Batsi village is a sleepy village. Most of the shops and restaurants were closed. We did however manage to find a hairdresser! Well Colin did actually. I was waiting for the sun to set [picture above] and he wandered up the road to get a bottle of wine … a very long time later he arrived back, having found a hairdresser!! Anyway, he told the hairdresser that he would bring me back up the next day. If you read my post from Cyprus you will know that I had a very short haircut there – I mean that was back at Christmas and I only need a haircut now. Well it turns out that ‘Joseph’ was a ladies hairdresser, so we went back up the next day for me to have a trim. After an hour of ‘talking and drinking’ he finally decided to cut my hair. Every time I said that “yip, that’s good” he would say “I’m not finished yet”. He also told me that I should not worry about any grey hair as I am married!! Only single ladies need to worry about their grey hairs 😂 Anyway I have a short haircut again, but not quite as short as the cut I had in Cyprus!
We decided to hire a car for our last day and explore the north end of the island. The roads are rugged to say the very least. We followed the ‘white line’ roads where we could, but found ourselves on this hairpin dirt road! It was on the highest part of the mountain! It did have some stunning views.
It made for a nervous trip for me, not that I don’t trust Colin but it was a long way down and in most places there were no barriers of any sort AND there were sheep and goats popping out of nowhere. When we got to the bottom of this hill, we went up through the valley on the other side which was back to a ‘white line’ road again. The photo doesn’t really show how precarious it was!! I am just very glad that we didn’t see any cars coming the other way.
So now we have made it to Mykonos (after a short ferry ride) and have three nights here. There is hardly a person to be seen. It is such a lovely place, but very ‘sleepy’ at the moment. We are staying in an AirBnB apartment which is centrally located and is very modern with views out to the setting sun. It is not very quiet at night!! Our neighbours seem to be very social and had us up very late last night, and tonight is not looking any better. Maybe we should join them!!! The other neighbours where up at the crack of dawn, so feeling a little sleep deprived this morning!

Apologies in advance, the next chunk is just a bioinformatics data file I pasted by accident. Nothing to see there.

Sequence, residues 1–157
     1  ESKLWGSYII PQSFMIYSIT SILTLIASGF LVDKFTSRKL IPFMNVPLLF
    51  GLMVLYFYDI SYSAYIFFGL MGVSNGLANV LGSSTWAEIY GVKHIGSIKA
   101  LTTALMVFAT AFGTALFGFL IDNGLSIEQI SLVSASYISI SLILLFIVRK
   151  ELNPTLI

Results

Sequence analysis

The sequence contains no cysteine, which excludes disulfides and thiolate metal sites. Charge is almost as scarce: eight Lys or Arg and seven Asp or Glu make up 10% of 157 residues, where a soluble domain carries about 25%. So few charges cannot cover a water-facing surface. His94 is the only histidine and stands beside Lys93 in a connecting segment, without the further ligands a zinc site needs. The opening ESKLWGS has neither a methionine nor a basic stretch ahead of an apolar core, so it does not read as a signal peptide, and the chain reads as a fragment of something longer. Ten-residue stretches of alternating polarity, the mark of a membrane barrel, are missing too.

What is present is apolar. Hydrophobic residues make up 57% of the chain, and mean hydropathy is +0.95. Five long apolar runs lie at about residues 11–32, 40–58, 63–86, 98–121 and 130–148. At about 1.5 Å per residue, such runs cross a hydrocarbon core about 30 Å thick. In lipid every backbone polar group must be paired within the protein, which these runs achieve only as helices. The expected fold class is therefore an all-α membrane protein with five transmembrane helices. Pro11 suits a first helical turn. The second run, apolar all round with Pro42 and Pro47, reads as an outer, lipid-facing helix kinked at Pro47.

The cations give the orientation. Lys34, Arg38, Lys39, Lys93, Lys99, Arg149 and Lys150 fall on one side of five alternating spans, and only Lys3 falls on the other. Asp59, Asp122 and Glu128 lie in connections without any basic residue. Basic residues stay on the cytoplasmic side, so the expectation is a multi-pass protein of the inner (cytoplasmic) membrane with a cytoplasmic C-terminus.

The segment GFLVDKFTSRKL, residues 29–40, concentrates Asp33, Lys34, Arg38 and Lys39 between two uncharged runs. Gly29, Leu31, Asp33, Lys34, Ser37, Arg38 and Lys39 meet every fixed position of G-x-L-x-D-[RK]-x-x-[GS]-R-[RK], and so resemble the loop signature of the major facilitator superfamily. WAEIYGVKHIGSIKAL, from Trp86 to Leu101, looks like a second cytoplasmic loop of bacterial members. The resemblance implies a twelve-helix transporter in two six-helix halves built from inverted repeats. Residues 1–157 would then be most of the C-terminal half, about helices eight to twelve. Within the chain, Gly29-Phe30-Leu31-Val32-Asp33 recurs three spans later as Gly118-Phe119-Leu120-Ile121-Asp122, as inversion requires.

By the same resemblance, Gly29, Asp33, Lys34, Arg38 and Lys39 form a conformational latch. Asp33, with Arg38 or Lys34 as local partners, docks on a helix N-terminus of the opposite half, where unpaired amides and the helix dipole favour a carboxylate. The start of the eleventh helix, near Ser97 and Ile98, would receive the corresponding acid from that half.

We have walked all around the old town, in around little Venice, seen so many churches and have literally had the streets to ourselves. Only a few shops and restaurants are open. There is plenty of maintenance being done, white paint is being slapped on everywhere – houses, churches, footpaths, stairs and a bit of blue and red everywhere else. I think with it not hustling and bustling, it has lost a bit of its atmosphere. Apparently the best time to visit the Greek Islands is towards the end of the season, not the beginning!
Today we decided to catch a bus to Ornos which is just over the hill. We ended up on the school bus and in a place that was closed!! Clearly they are not ready for tourists yet, although we were told today that the first cruise ship of the season has already been! We had to walk back to Mykonos [glad we didn’t go any further!], and there really isn’t any footpaths! We met a lovely young woman and her mum (who were on holiday from India) and they asked for directions. As it turned out they were heading in the wrong direction and walked back to Mykonos with us. Of course we have invited them to stay!!
So we have decided not to head down to Santorini as we understand that it is going to be just like Mykonos – not really open yet! So we will head back to Athens and do a few days trips from there. We still have a week before our Bulgaria assignment. I think it means that we will just have to come back [to Greece] and that is not a bad thing!
See you in Athens 💖
“Stop dreaming … start doing“
One thought on “γεια σας … ‘hello’ from Greece!”
Wonderful photos and wonderful blue sky days. So much to see and do and the up side of the off season is the lack of maddening crowds, being able to get a seat at a cafe, if you can find one open, and being the only people in any photos you take! Perfect!